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Nadal apologizes after thrashing friend in French Open rout

June 4, 2012 -- Updated 2051 GMT (0451 HKT)
Rafael Nadal, right, was apologetic after winning 17 games in a row in his straight-sets destruction of good friend Juan Monaco in the fourth round of the French Open. Rafael Nadal, right, was apologetic after winning 17 games in a row in his straight-sets destruction of good friend Juan Monaco in the fourth round of the French Open.
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'Sorry, mate'
Spanish showdown
Murray on the move
Ferrer in form
Tsonga's challenge
Del Potro's date with destiny?
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STORY HIGHLIGHTS
  • Rafael Nadal reaches French Open quarterfinals after crushing his friend Juan Monaco
  • Second seed wins 17 games in a row to set up clash with compatriot Nicolas Almagro
  • World No. 4 Andy Murray comes from behind to beat French 17th seed Richard Gasquet
  • He will next face Spanish sixth seed David Ferrer, with the winner likely to meet Nadal

(CNN) -- World No. 2 Rafael Nadal remains on course for a semifinal showdown with Andy Murray at the French Open after both progressed into the last eight on Monday.

Nadal, seeking a record seventh title at Roland Garros, set up a clash with fellow Spaniard Nicolas Almagro after posting his fourth successive straight-sets victory of the clay-court event.

Having celebrated his 26th birthday on Sunday, Nadal demolished Argentine 13th seed Juan Monaco 6-2 6-0 6-0 to send a real message of intent to his main rivals.

He won 17 games in a row to take his overall record at the tournament to 49-1.

"In my opinion, he was unlucky in the first set. That's my feeling, 6-2 was too much. Later, for sure I was very happy the way I played. I feel very, very sorry for him," Nadal said.

Spirit, fitness and David Ferrer
Gilles Simon's endurance advantage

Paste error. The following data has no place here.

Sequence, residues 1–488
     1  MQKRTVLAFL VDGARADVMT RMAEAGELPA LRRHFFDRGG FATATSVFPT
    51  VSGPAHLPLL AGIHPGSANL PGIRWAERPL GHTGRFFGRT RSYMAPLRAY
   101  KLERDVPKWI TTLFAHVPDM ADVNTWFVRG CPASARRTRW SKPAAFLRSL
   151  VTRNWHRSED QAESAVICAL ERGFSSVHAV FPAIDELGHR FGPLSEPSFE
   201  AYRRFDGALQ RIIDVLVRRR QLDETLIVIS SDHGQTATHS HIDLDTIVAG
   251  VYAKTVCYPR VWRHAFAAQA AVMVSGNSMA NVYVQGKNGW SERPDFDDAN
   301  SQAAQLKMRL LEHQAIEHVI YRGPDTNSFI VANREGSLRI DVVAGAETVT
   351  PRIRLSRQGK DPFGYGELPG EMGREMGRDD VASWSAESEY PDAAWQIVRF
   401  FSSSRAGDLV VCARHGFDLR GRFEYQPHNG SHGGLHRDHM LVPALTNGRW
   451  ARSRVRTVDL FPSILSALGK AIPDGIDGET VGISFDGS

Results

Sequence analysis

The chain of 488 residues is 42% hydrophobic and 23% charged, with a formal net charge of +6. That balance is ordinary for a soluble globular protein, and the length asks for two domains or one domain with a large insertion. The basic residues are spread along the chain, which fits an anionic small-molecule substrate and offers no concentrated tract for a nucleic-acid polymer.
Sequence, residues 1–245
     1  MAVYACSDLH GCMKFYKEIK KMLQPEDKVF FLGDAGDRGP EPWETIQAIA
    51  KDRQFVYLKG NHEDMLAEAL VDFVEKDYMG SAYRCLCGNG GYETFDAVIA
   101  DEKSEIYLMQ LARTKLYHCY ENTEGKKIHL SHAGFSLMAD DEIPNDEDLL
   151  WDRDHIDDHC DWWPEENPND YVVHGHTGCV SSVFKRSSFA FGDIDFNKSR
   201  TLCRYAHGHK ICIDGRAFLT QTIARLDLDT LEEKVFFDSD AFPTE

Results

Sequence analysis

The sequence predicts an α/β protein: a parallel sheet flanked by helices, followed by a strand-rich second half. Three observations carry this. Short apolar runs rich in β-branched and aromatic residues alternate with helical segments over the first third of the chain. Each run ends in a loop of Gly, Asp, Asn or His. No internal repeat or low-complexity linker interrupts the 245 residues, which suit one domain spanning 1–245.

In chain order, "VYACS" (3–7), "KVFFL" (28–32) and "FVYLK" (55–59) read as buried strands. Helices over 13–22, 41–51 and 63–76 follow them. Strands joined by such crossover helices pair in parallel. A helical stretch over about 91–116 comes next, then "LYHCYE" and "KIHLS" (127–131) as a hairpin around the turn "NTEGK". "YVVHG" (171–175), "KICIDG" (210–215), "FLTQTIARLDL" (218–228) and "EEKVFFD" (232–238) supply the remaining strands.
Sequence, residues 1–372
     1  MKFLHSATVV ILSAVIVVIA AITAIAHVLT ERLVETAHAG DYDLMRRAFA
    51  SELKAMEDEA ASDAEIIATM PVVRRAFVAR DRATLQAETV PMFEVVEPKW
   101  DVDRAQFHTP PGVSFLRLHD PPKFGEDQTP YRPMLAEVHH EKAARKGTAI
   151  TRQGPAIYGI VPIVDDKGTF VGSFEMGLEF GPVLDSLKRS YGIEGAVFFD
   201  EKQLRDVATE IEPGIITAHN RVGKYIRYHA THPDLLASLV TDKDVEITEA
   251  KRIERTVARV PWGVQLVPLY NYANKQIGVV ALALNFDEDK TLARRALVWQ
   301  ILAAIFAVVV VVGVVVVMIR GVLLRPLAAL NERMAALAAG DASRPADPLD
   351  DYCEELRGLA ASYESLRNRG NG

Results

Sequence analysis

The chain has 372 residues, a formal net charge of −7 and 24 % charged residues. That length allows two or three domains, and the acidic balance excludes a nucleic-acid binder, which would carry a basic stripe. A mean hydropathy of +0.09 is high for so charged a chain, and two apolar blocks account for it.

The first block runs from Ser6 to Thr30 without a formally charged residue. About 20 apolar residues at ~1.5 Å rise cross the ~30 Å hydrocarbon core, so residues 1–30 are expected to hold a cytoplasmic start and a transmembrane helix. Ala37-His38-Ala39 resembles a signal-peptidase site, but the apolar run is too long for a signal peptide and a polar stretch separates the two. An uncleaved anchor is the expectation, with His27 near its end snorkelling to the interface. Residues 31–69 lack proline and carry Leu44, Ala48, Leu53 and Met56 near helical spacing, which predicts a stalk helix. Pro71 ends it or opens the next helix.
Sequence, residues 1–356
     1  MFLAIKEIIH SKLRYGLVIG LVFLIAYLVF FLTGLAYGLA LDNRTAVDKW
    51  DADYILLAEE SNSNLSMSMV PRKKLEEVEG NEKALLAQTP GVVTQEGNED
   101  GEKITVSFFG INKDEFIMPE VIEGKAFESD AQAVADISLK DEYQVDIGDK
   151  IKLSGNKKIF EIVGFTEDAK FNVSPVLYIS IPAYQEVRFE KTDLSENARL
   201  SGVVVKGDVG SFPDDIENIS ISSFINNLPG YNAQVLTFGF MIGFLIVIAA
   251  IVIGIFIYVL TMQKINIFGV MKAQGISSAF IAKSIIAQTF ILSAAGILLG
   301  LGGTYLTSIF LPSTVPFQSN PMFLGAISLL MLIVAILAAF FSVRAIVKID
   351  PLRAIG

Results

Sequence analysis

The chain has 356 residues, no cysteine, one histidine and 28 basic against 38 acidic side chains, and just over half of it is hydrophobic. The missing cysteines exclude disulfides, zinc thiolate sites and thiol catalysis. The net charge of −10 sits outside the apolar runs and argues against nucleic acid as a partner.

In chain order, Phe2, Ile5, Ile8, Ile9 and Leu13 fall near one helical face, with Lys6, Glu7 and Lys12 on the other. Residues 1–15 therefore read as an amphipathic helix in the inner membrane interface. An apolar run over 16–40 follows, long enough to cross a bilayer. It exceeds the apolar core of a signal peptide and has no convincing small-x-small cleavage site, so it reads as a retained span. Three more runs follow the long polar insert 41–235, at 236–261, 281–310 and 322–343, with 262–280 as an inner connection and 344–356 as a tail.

"I think he's playing probably the best tennis of his career, but probably not today, especially in the last set. I saw him suffering a little bit on court at the end. He's one of my best friends on tour."

Fourth seed Murray had to fight harder against home hope Richard Gasquet, coming from behind to set up an intriguing quarterfinal with in-form Spaniard David Ferrer.

"We've had some great matches, I've known him since I was a young kid, he is an unbelievable talent," said Murray, who leads their meetings 5-4 but has lost all three on clay.

"Every time I play against him I expect a very tough match. I'll have to play really well to win."

Sixth seed Ferrer crushed compatriot Marcel Granollers 6-3 6-2 6-0, while 12th seed Almagro defeated Serbia's world No. 8 Janko Tipsarevic 6-4 6-4 6-4.

"That win is one of the best moments of my career," said Almagro, who has lost twice to Nadal in French Open quarterfinals.

"He's the man on clay, and we are trying to be close to him. We are working hard to do our best. It's another match, and I'm ready to fight."

Michael Chang's historic French victory
Brian Baker's grand slam comeback

France will have one competitor in the last eight, as fifth seed Jo-Wilfried Tsonga completed a 6-4 7-6 (8-6) 3-6 3-6 6-4 win over Swiss No. 18 Stanislas Wawrinka after the match was halted due to bad light on Sunday.

Tsonga, seeking to become the first French male to win the tournament since Yannick Noah in 1983, will play world No. 1 Novak Djokovic in his first quarterfinal appearance at Roland Garros.

The Serbian is seeking to become the first man since 1968 to hold all four grand slam titles, but has never made it to the final in Paris.

"It's going to be a very difficult match. But obviously I'll fight like a lion and we'll see the result," Tsonga said.

Argentine ninth seed Juan Martin del Potro also progressed after a delayed match, with the 2009 U.S. Open champion beating Czech No. 7 Tomas Berdych 7-6 (8-6) 1-6 6-3 7-5.

The 23-year-old will next face world No. 3 Roger Federer, who beat him in the 2009 French Open semis before winning the title for the first and only time to complete his collection of grand slam crowns.

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